June 1992 Sandra Day O'Connor Republican Supreme Court Justice When Ronald Reagan nominated her for the Supreme Court, O'Connor would tell him that "she was personally opposed to abortions." [8] It was known she sided with a 1973 bill permitting Arizona state agencies to participate in family planning. Her coy response to the White House was "she opposed the anti-abortion measure only because it was not germane to the legislation to which it was attached." She called the infamous Roe v. Wade decision "a rule of law and a component of liberty we cannot renounce," and "Our obligation is to define the liberty of all. We reaffirm the constitutionally protected liberty of women to obtain an abortion." In addition, she also cast the deciding vote in the 2000 court case that overturned a Nebraska ban on Partial birth abortions. Per the National Abortion Federation, "O'Connor's single vote in support of a woman's right to choose ensured the survival of Roe v. Wade."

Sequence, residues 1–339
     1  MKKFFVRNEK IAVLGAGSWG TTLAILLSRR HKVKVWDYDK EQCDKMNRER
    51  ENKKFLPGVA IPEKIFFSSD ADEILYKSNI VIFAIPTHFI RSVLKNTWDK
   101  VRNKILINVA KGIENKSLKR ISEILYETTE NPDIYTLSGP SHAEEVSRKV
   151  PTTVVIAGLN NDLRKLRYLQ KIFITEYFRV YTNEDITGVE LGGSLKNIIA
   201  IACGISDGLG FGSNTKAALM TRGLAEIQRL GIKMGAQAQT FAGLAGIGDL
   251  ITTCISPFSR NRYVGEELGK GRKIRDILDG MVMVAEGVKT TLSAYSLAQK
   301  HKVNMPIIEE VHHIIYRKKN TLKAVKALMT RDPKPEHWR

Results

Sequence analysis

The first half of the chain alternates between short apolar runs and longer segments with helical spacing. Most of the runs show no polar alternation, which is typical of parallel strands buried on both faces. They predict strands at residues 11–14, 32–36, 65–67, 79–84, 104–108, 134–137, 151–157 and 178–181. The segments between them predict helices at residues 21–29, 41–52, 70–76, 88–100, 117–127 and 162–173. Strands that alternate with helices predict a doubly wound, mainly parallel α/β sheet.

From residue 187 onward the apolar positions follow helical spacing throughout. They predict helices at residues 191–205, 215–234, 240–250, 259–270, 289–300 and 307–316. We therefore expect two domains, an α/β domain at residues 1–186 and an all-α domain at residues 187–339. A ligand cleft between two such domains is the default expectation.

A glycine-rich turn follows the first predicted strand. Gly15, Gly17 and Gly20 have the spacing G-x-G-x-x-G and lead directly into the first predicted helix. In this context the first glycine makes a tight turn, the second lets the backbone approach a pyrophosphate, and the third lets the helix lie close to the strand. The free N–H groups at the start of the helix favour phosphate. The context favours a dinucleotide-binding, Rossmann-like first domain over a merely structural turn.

1992 Richard S. Williamson Republican nominee for U.S. Senate for Illinois signed a pro-life pledge during the campaign disavowed his pledge once Carol Moseley Braun became his opponent, whom he hoped to defeat by becoming pro-choice lost in a landslide after his duplicity was exposed; Pro-life Peter Fitzgerald then defeated Moseley Braun the next time
July 6, 1990 Buddy Roemer Democrat[9] Louisiana Governor "We've had a betrayal by a governor who has been on the record as pro-life" [10] vetoed a pro-life bill passed by overwhelming majorities in the legislature the legislature overrode his veto; Roemer was defeated for reelection and could never win an election again